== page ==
Bettye LaVette performing in Leuven, Belgium in 2006
By Florangela Davila, Nicole Capozziello and Joseph Sutton-Holcomb
* Denotes items that are $15 or less
ShortsFest at SIFF *
Looking at the SIFF schedule can be overwhelming but ShortsFest is always a good bet. These short films, spanning cultures and genres, are collected into one weekend of fast-paced, original programming that provides an excellent snapshot of the entire 25-day festival. I always love the choice of themes: "Saved by the Bell" (how a life can be changed by a single moment); "Animation4Adults"; "Shoot to Thrill" (films driven by tension). This year, there’s also a sampling of films about the unique history and evolution of Yesler Terrace. Discover a new artist and a new appreciation for the short film art form.
If you go: ShortsFest at SIFF, Check schedule for venues, May 21 through May 25 ($13) — N.C.
Black Box 2.0 *
Ok, so here’s another festival if SIFF, Folklife and/or Sasquatch don’t already have you booked solid — and if the words “digital culture” send you to your secret happy place. The nice thing about the Black Box 2.0 festival is that it’s not limited to Memorial Day weekend. It started on May 6 and continues through June 7.
So what’s Black Box? It’s a showcase for experimental film, video and new media art by a group of international artists. Seattle-based Aktionart is the organizer; the festival debuted last year. The videos are screened in somewhat alternative Seattle venues like a shipping container in Ballard. If you’re a traditionalist, how about a screening of "Waves" at Cornish’s Raisbeck Performance Hall. The 19-minute video is about geology and meteorology and Virginia Woolf and invisible jellyfish and a painting by Courbet and, well, just go see it.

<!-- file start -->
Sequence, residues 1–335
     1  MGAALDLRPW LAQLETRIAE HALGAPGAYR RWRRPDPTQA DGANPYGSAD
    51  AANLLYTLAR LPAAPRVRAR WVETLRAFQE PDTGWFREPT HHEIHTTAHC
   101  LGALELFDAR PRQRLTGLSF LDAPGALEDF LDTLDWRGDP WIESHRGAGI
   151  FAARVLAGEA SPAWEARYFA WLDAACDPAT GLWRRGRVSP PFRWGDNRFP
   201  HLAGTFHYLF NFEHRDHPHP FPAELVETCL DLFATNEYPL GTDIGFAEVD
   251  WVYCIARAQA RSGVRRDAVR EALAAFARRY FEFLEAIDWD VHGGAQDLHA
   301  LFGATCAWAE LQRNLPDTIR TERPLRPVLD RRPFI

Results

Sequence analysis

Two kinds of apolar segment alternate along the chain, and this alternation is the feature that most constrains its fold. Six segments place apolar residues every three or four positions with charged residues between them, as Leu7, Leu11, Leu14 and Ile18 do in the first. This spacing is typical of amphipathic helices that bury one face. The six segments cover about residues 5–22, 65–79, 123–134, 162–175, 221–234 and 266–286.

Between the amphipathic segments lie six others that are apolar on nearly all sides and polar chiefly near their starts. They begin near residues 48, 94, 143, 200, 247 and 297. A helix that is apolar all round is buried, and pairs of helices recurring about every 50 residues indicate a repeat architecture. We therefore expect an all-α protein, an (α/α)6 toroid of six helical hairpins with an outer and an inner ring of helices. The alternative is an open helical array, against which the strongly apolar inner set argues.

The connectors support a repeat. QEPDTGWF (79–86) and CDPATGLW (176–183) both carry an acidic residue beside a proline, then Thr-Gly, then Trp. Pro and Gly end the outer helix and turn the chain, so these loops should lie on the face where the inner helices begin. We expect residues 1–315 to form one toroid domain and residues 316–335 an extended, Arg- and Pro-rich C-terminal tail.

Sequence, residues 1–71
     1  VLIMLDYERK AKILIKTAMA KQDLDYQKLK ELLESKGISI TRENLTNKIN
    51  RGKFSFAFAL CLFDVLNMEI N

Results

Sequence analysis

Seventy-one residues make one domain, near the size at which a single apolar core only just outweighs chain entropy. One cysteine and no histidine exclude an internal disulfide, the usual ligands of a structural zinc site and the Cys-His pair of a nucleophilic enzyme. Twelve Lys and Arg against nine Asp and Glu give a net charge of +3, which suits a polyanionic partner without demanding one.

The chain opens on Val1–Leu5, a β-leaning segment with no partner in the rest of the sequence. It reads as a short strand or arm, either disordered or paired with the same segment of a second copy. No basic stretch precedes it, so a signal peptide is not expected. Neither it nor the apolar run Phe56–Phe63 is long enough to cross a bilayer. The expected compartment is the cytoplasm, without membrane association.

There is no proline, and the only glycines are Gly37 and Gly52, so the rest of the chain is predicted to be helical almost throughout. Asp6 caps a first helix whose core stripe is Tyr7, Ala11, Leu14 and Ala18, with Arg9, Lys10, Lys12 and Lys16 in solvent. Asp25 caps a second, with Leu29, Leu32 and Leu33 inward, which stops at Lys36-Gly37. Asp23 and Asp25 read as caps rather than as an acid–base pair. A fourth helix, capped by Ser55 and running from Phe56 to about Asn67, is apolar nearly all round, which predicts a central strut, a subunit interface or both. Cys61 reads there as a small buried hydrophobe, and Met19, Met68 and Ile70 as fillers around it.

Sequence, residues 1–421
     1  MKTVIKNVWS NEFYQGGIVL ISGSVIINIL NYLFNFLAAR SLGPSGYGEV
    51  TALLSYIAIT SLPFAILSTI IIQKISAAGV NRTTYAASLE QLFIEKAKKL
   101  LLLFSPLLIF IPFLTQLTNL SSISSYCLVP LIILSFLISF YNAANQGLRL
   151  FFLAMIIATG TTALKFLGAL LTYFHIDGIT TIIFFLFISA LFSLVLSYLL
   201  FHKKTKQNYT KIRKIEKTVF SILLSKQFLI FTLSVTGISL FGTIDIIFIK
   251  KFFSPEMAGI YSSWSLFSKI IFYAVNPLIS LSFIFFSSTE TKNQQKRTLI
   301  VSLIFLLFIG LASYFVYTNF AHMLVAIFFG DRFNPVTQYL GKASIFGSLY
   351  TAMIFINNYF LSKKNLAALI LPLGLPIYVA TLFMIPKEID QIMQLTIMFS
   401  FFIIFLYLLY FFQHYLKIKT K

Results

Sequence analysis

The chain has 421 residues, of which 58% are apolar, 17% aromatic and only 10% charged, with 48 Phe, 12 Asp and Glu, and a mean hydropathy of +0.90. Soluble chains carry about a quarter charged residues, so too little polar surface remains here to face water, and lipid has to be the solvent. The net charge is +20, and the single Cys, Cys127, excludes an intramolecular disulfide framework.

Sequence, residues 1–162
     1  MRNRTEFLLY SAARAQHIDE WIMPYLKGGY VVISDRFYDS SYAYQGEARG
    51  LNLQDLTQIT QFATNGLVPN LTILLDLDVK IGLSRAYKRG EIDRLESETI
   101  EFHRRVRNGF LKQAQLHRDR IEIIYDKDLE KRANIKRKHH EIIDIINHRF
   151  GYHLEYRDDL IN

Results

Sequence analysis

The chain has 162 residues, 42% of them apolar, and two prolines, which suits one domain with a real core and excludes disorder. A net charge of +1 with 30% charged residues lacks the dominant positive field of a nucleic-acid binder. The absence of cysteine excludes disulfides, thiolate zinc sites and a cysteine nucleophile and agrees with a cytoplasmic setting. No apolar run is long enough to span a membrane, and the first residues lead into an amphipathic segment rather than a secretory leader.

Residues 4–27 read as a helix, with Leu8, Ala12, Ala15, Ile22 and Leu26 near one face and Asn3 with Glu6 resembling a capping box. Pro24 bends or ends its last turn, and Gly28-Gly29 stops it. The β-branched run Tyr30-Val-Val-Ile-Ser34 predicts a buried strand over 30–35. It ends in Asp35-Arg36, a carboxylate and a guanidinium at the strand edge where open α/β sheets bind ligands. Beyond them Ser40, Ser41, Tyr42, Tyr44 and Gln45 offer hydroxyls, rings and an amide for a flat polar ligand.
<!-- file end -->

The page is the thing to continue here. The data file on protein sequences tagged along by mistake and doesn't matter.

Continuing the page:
If you go: Black Box 2.0, Seven venues throughout Seattle; check schedule for details. Through June 7 (free) — F.D.
She's the Joe Cocker of soul music: a woman who has mastered the art of the cover in a way few artists can. Honestly, that comparison might be unfair because unlike Cocker, LaVette has scads of original material. LaVette, now 69, has made music for decades, but she was a bit of a late bloomer on the commercial scene. She didn't achieve widespread recognition until she hit her 50s. Her 2012 album, “Thankful N’ Thoughtful” showcases her talent for interpreting the work of other artists, including covers Gnarls Barkley’s “Crazy,” Bob Dylan’s “I’m Not There” and The Black Keys’ “I’m Not The One.”
About that Black Keys’ cover: “I find it interesting," she said, "and thoroughly entertaining to add age and experience to young writers’ songs and inhabit them myself ... I’m not sure what he (The Keys’ Dan Auerbach) was talking about, but I’m saying ‘Don’t fuck with me.’ ” LaVette's voice, like other contemporary greats Sharon Jones and Mavis Staples, has a smokiness and gravely quality that easily lends itself to soul, blues and rock. She’s doing a four-day stint at Jazz Alley this week, so there are ample opportunities to catch her live.